WOMEN IN SCIENCE: Archive Material, Trails and Talks
March – December 2018
100 years ago, the first group of women won the right to vote in the UK. In this centenary year, there is widespread recognition of the political role women have played in society. But what about the vital contributions women have made to science? During 2018 we are celebrating a number of women connected with the University and the Museum’s collections. Check back regularly for updates about our activities.
Is there a scientific woman you think should feature in our year of celebrations? We would love to hear about them. Drop us an email at email@example.com.
A small display of rarely seen archive material highlights the work of four women. Anna Atkins was one of the first people to illustrate a book with photography in 1843, and Sarah Angelina Acland was a pioneer of colour photography in the early 1900s. Ada Lovelace has been described as the world’s first computer programmer, and Elizabeth Hippisley was a chemist and geologist in the late 1700s.
Follow our Women and Science trail to discover more links to the collections and find out about Caroline Herschel, an astronomer, and Ada Lovelace, a forerunner
of computer coding.
Drop-in, ages 7+
Shout Out For Women Trail
A trail across the collections of Oxford University’s Gardens, Libraries and Museums celebrating some of the women who are represented within our collections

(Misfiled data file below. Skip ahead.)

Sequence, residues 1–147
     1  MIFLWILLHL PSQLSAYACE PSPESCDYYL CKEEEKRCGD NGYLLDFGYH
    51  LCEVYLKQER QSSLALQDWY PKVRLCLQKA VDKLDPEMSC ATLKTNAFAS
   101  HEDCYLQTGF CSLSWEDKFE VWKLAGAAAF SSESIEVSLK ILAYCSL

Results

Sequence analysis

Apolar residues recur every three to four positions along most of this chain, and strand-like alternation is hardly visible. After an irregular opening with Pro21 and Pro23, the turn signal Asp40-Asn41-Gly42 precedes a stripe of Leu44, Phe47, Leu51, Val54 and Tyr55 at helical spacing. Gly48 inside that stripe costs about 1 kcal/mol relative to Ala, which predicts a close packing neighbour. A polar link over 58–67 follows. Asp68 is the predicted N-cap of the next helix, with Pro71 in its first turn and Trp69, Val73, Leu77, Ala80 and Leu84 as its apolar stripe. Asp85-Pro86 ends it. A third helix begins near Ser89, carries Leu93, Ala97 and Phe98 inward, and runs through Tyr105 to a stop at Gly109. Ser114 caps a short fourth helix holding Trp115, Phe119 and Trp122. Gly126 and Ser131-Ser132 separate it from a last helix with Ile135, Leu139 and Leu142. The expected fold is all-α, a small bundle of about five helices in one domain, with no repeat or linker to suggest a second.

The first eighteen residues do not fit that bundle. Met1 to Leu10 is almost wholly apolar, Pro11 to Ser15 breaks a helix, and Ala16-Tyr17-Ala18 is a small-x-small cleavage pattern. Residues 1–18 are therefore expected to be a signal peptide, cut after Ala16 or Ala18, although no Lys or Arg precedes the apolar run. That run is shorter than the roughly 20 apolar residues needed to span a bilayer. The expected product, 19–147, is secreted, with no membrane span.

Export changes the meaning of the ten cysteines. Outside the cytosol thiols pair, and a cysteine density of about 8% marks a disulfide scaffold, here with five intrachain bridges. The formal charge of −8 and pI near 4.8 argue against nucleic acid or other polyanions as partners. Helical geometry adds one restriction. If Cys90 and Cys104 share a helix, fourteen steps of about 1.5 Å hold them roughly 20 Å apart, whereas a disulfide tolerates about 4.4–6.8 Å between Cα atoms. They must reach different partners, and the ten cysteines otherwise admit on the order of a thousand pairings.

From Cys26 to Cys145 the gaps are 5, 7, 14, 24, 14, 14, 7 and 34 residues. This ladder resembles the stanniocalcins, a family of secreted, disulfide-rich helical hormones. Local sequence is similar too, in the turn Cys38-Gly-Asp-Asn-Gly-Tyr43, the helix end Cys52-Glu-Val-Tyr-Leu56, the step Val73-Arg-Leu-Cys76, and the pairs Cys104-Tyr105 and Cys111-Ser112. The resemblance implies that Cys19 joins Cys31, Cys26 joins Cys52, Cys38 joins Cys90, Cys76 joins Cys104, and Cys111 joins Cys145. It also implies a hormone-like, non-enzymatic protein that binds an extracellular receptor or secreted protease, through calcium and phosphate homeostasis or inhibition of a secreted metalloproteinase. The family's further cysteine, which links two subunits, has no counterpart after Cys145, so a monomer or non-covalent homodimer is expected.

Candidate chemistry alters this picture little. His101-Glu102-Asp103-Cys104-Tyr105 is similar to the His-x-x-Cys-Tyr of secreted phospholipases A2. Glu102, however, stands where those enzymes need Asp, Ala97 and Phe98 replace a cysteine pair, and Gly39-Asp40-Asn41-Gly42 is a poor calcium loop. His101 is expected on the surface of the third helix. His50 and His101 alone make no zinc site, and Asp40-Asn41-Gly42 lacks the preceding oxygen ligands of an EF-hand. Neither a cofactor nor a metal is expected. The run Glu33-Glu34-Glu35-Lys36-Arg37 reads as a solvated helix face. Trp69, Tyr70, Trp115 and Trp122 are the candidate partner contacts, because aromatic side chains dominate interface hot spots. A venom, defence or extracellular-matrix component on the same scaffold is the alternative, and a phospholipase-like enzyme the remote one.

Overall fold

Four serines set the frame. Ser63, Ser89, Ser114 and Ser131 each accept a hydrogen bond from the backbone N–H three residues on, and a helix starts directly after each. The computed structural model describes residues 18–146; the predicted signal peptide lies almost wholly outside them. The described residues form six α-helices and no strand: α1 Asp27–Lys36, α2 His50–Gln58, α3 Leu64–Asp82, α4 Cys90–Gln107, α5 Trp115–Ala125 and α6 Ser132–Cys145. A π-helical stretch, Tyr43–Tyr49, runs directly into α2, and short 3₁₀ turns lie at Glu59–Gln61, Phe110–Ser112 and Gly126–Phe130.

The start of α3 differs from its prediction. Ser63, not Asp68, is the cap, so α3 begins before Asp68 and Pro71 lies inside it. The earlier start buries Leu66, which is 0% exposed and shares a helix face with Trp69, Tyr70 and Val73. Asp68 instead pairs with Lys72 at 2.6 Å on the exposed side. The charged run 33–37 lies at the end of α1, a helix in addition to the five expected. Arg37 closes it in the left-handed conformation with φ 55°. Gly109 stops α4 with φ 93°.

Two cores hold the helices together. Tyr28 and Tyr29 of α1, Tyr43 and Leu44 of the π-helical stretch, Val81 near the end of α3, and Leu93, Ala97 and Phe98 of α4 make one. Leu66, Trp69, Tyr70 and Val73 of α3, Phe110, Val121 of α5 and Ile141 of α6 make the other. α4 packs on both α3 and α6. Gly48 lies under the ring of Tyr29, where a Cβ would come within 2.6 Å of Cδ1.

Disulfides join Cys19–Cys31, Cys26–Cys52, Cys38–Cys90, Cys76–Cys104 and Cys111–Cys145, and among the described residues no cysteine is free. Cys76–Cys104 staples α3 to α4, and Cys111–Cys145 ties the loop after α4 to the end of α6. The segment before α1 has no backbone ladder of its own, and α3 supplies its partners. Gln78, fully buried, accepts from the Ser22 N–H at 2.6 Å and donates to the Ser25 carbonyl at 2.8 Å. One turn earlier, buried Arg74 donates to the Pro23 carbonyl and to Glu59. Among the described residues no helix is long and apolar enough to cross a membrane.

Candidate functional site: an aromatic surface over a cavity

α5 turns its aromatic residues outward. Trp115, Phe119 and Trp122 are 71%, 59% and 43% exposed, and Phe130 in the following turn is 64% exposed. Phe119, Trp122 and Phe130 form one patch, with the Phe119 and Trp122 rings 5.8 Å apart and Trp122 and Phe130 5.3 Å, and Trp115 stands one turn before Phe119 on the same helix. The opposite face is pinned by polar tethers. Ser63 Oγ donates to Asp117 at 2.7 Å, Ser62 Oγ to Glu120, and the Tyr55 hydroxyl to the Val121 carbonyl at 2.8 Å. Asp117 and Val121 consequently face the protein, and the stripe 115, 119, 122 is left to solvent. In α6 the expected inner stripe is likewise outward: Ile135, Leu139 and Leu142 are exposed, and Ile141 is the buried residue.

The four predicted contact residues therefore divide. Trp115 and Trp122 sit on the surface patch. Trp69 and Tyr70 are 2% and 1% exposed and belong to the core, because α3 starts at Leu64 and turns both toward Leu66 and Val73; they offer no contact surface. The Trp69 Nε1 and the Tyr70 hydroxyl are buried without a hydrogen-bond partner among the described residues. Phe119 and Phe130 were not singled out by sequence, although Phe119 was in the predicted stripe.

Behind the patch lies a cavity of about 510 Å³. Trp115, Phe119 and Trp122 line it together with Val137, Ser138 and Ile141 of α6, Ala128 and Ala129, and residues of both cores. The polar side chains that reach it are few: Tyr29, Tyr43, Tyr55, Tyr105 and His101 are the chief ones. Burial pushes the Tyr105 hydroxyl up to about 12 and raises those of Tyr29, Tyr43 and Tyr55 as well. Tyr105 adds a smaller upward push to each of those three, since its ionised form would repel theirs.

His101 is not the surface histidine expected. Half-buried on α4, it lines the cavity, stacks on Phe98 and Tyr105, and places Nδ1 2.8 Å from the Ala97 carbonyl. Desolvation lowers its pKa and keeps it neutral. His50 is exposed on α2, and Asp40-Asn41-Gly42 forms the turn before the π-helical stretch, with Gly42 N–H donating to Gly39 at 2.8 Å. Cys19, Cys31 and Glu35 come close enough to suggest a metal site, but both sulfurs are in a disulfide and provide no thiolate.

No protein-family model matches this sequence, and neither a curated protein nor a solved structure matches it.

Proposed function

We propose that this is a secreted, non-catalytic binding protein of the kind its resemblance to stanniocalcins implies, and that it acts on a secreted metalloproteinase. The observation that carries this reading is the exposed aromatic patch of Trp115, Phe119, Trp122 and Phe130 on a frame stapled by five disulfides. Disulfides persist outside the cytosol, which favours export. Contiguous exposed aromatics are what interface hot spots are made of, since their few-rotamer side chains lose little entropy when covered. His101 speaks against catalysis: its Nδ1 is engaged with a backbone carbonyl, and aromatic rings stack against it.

and buildings including artists, scientists and curators.
Pick up a copy from our front desk.
Talks and Tours
Women in Science: Tour
Wednesday 26 September, 12.30 – 1pm
Join us for a staff-led tour of our Women in Science programme and discover how women have been involved in science for hundreds of years as astronomers, mathematicians, instrument makers, and merchants.
Meet in the Basement Gallery.
Ada Lovelace: The Making of a Computer Scientist
Professor Ursula Martin – Thursday 27 September 2018
Ada, Countess of Lovelace, is sometimes called the world’s first computer programmer and has become an icon for women in technology. But how did a young woman in the 19th century, without access to formal school or university education, acquire the knowledge and expertise to become a pioneer of computer science?
Ursula Martin is a professor at the University of Oxford whose research interests span mathematics, computer science and the humanities. She recently wrote Ada Lovelace, the Making of a Computer Scientist with Christopher Hollings and Adrian Rice. It is the first popular account of the scientific and mathematical education of Ada Lovelace.
Booking will open on Monday 27 August. Please book via our Eventbrite Page.
Dr Patricia Fara – Thursday 22 November 2018
The author of A Lab of One’s Own: Science and Suffrage in the First World War joins us at the Museum to talk about her work. We will update our events page with booking details in September.
The Museum has been creating virtual versions of exhibitions since 1995: